Review ·

A thousand lo-fi flowers have bloomed in Brooklyn -- bands you know, like the Vivian Girls, and ones you don't, but should, like Knight School, who’ve just released their debut album, Revenger.  While everyone else in the indie universe is fascinated with all things down-tempo -- minimalist techno and chamber pop, to say nothing of the various chillwave bands that ruled 2009 -- these acts celebrate a wild freneticism, a wailing, sweating, and twitching indie rock. They also reach back a bit further than most indie acts do, incorporating surf guitar and girl-group harmonies to make something that’s at once subversive and really, really enjoyable. Think the Misfits covering the Beach Boys on a home tape recorder.


Revenger fits this pattern nicely. The project of Kevin Alvir, Chris Balla, and (usually) drummer Jed Smith, it’s the document of Brooklyn DIY sound. The songs here are simple, short (its 11 tracks don’t even reach 30 minutes), spare, and at times chaotic. Not that there’s a whole lot going on; most tracks are just two guitars and harmonized, overmodulated vocals. Yet there’s something irresistibly catchy about them, and a few of the record’s songs are impossibly fun -- “I’m Your Band” and “Idiot Wizards” are obvious hits. “Band” combines Casio drums, a bop back-and-forth guitar line, simple lyrics, and one of the album’s only instances of really set-loose guitars. “Wizards” sounds like a Yo La Tengo demo, or the Pixies at their most playful. Then there’s the album’s closer, “Meathead Hurricane,” its loudest and most consistently enjoyable track.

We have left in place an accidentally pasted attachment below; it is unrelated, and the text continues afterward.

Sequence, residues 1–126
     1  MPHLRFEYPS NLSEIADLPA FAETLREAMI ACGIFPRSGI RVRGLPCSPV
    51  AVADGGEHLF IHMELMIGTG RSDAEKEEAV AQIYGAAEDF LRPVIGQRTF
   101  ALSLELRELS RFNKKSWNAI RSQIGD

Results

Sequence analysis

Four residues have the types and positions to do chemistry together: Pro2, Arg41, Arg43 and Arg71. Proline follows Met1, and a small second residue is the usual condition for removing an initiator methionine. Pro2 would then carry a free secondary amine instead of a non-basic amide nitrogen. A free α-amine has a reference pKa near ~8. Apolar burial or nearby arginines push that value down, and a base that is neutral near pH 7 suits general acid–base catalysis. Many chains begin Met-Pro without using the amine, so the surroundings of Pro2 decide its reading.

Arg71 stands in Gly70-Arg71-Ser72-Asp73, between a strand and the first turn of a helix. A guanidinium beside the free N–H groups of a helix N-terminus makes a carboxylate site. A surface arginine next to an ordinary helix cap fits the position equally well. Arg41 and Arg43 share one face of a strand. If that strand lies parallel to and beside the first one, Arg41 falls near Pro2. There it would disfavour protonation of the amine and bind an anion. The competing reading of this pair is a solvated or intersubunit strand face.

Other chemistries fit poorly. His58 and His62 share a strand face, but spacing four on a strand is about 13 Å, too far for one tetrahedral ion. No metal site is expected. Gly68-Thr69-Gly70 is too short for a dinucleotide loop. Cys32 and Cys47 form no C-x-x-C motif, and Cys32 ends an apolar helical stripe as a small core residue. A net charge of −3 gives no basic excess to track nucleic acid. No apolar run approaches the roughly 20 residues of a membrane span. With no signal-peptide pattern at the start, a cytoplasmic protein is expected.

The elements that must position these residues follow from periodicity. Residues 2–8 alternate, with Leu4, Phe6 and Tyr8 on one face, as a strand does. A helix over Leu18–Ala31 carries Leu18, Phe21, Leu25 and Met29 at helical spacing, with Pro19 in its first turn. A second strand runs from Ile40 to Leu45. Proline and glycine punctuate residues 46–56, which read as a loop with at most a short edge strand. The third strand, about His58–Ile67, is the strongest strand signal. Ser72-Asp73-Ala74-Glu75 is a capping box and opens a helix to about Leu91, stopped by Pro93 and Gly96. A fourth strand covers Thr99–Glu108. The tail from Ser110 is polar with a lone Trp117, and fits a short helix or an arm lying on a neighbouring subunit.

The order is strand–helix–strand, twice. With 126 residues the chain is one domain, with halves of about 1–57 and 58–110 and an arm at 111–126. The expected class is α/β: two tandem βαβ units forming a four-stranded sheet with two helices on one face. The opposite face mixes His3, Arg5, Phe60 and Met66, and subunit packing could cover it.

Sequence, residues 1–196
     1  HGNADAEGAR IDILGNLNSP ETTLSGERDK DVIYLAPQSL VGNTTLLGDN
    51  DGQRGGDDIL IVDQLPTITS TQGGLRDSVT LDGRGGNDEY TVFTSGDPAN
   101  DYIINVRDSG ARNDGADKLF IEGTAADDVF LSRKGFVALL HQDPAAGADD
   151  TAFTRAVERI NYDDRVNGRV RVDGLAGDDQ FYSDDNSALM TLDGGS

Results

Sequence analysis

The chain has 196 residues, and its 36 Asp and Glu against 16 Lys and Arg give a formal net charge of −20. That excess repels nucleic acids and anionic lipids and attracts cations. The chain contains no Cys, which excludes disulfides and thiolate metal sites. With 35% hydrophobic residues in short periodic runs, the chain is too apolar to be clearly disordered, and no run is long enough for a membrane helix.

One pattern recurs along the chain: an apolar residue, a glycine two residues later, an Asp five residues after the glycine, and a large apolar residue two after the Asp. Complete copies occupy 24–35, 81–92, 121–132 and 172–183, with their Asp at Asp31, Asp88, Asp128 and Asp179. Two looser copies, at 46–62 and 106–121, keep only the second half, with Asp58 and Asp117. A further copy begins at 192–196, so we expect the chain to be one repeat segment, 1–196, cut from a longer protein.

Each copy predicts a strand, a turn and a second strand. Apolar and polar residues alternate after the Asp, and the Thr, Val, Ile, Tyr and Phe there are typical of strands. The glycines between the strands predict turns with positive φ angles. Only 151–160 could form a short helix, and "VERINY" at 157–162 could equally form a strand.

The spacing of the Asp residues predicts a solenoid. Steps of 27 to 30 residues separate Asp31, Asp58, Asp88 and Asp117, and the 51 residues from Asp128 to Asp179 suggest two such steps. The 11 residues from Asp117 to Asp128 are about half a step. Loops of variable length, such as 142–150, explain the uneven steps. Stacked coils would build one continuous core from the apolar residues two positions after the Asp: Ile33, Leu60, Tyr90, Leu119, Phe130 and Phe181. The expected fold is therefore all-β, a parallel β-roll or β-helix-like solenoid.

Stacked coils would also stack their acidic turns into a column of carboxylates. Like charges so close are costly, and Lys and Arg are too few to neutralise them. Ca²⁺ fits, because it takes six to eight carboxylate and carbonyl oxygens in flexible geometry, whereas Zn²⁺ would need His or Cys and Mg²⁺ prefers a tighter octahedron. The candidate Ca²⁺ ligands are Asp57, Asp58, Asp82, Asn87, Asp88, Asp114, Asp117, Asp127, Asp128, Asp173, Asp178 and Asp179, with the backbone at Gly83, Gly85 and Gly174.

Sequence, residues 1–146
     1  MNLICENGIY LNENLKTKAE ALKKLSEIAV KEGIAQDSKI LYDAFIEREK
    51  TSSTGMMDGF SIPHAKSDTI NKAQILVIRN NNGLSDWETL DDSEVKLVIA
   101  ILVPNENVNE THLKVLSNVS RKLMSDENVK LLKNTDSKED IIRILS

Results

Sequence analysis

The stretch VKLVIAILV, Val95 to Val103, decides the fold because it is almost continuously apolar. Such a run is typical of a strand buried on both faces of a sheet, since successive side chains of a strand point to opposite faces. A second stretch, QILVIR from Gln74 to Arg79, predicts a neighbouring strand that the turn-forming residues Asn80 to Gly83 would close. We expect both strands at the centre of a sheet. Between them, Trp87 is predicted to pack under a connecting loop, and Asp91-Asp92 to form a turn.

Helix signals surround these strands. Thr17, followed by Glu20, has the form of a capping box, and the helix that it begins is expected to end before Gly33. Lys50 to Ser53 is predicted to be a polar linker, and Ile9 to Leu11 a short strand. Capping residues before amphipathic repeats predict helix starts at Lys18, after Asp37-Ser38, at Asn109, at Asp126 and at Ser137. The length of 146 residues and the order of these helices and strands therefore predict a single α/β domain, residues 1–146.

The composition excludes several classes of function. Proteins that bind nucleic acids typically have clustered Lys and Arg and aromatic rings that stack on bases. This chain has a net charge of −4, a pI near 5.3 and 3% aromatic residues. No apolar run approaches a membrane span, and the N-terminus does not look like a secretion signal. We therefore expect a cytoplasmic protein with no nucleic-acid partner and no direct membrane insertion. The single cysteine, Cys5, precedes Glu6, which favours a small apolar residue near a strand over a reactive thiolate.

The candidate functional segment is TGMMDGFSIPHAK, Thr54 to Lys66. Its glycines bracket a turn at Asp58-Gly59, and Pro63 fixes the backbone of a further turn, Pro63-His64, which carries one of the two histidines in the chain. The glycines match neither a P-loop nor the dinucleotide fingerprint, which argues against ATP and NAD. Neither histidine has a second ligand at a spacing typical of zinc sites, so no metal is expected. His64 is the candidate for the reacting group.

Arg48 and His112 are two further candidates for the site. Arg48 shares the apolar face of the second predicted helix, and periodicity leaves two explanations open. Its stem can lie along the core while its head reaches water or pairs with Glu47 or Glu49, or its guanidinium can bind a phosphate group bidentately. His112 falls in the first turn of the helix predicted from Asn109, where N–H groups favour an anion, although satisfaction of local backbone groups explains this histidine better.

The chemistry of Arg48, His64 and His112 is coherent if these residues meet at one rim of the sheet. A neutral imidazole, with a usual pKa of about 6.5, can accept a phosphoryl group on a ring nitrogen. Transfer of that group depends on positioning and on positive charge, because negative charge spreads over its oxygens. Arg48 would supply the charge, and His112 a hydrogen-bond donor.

Like a lot of DIY things, Revenger has its obvious shortcomings, not the least of them in production. The album sounds as if it were recorded on the school library’s tape deck, in a tunnel. It’s possible to hear this record as half-hour of static that never changes volume (dynamics are definitely not Knight School’s forte). Still, this is a record that’s worth listening to. There’s some real sunny pop buried deep in that lo-fi muck.


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